Monday, March 21, 2016

Defendant Conspired With Booth (No Not John Wilkes)

The Georgia Supreme Court affirmed a conspiracy to murder conviction notwithstanding the acquittal of the alleged co-conspirator

The instant case is one of first impression only inasmuch as it concerns inconsistent conspiracy verdicts between jointly-tried co-conspirators and as it concerns the validity of the dicta in Smith v. State, supra. Now having considered the matter, we see no reason why Milam and its progeny would not be applicable to this case. Here, the jury convicted appellant of conspiracy to murder and acquitted her co-conspirator of same, but also found her coconspirator guilty of the lesser crimes of making false statements. Given this outcome, it is plausible that the jury’s decision constituted a mistake, compromise or lenity, none of which warrant intruding into its deliberations. This approach is consistent with federal cases which have followed Powell by declining to reverse the conspiracy conviction of a co-conspirator when the other co-conspirator has been acquitted by the same jury and under the same evidence.

The conviction had been affirmed by the Court of Appeals.

The Mirror had the story of the trial

A Wayne County jury acquitted a woman and her male coworker on murder charges Wednesday night but found them both guilty of other crimes in her husband's slaying last year.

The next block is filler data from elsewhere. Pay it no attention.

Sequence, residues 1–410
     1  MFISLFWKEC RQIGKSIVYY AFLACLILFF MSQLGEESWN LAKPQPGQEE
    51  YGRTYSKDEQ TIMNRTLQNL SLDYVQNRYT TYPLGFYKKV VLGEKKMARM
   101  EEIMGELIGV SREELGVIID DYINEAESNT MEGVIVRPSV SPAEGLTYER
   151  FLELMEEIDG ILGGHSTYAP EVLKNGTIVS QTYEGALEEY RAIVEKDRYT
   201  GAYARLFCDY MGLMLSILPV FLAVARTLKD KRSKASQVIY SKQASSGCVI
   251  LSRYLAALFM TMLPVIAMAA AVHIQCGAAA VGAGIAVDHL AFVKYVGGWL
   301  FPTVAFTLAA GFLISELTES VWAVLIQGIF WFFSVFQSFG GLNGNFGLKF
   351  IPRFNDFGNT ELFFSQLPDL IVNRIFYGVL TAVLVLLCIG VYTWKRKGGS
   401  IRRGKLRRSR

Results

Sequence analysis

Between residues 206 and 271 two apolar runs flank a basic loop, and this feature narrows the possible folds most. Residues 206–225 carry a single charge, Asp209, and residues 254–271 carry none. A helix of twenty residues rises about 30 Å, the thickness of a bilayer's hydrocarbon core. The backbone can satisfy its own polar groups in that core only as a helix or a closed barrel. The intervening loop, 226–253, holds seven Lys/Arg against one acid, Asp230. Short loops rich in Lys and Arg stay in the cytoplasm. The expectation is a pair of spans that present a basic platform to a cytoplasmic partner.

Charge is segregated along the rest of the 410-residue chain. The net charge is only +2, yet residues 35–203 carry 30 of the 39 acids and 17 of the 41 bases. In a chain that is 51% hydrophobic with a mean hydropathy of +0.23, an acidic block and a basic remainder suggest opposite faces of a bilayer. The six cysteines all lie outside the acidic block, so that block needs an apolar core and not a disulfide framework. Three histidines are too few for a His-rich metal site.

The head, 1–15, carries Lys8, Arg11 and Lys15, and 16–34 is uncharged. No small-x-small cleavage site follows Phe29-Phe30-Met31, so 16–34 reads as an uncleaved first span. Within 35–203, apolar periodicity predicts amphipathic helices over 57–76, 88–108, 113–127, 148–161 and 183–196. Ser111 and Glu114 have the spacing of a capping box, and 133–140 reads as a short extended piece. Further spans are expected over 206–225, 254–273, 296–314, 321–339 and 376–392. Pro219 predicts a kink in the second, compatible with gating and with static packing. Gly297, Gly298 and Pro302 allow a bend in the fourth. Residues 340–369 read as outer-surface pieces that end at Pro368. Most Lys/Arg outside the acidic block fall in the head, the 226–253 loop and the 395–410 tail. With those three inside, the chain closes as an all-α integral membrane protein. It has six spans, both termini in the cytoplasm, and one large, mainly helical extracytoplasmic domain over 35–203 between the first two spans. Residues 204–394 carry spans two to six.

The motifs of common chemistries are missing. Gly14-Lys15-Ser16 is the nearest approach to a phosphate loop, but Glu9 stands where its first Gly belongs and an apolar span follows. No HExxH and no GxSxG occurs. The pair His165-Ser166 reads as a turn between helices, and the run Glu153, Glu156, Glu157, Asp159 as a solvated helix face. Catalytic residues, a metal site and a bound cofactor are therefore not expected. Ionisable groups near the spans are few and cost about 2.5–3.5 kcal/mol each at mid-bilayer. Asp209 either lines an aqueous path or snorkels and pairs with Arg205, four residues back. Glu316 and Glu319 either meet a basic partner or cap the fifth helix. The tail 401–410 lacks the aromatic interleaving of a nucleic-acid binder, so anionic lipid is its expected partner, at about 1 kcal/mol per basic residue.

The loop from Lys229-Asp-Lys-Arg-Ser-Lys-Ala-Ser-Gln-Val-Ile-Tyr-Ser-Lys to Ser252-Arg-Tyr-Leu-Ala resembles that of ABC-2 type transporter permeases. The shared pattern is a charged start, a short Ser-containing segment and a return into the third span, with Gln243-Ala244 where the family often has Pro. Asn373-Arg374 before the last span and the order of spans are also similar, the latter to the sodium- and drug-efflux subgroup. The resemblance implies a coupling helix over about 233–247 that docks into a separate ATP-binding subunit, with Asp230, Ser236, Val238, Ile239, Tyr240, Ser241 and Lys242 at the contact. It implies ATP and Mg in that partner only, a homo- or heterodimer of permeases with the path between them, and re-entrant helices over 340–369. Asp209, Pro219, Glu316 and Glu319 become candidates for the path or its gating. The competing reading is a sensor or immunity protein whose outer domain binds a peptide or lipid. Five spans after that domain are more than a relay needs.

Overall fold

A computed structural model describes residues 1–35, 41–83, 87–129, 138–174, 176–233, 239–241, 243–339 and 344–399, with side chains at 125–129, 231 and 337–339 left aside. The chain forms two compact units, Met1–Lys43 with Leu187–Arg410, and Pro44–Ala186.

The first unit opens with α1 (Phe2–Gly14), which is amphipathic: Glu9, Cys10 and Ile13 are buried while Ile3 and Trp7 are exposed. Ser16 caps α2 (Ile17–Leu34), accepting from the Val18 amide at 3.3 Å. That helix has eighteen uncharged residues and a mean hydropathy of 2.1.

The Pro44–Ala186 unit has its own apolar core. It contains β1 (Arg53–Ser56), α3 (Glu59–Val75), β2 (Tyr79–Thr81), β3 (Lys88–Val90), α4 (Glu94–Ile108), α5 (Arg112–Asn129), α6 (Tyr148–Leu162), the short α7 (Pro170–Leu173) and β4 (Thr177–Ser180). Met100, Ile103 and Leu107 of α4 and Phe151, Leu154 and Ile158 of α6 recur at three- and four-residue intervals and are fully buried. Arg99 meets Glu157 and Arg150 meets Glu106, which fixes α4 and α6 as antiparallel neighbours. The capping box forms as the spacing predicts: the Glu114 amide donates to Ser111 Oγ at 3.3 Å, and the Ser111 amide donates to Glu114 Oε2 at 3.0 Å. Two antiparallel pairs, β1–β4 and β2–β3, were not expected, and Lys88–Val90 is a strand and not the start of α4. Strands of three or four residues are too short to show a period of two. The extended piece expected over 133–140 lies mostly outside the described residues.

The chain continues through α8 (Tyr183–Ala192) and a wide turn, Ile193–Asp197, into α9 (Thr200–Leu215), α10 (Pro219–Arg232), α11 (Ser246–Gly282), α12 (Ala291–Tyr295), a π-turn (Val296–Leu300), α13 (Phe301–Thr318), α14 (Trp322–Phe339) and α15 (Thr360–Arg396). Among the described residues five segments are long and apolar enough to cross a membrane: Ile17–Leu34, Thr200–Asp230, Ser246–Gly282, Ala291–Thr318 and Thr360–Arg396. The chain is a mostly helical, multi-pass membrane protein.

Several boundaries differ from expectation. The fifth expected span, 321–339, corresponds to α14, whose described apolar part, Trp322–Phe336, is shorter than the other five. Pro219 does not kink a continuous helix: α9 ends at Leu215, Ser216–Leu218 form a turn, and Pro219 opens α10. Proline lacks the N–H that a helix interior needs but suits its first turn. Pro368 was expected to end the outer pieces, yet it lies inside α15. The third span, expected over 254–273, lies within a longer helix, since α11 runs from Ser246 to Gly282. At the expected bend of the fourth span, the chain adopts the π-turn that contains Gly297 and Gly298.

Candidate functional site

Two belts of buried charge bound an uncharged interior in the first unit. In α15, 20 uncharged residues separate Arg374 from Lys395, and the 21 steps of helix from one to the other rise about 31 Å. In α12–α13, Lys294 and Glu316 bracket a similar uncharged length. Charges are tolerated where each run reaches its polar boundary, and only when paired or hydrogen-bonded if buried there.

Patti Thornton and Walter G. Booth were found not guilty of killing Thornton's husband, Richard "Shell" Thornton III, 46, at the couple's rural K-Ville community home on Dec. 14, 2007.

Booth, 60, of Odum also was acquitted of conspiracy to commit murder in the fatal shooting...

A well-known farmer, Shell Thornton was found dead with a gunshot wound to the head in a bedroom at the ransacked home on Big Creek Road home near the Wayne-Appling County line.

Patti Thornton's mother, who lives nearby, called 911 and said her daughter had returned home from an errand, found her home in disarray and left frightened without going inside.

Testifying in her own defense, Thornton denied killing her husband or arranging to have him slain. She also denied having an affair with Booth.

Booth did not testify. Georgia Bureau of Investigation agents testified that Booth had told them that he was at a convenience store when Shell Thornton was killed.

(Mike Frisch)

Law & Society | Permalink


Post a comment